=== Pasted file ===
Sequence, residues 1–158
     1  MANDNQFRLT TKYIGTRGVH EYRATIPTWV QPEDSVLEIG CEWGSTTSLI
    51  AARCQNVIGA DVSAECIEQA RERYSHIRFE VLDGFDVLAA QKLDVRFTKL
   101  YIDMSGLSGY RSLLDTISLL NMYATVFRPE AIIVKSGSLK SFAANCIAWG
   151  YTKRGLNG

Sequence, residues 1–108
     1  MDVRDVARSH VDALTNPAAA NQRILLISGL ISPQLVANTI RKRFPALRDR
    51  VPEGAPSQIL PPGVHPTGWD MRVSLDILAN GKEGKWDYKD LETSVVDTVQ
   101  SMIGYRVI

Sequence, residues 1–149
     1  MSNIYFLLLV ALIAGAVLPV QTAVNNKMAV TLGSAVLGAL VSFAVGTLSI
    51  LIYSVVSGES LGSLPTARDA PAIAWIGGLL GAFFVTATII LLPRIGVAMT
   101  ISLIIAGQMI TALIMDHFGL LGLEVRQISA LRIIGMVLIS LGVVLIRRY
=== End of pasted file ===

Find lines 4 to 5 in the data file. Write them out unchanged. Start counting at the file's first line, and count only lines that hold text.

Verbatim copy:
   101  YIDMSGLSGY RSLLDTISLL NMYATVFRPE AIIVKSGSLK SFAANCIAWG
   151  YTKRGLNG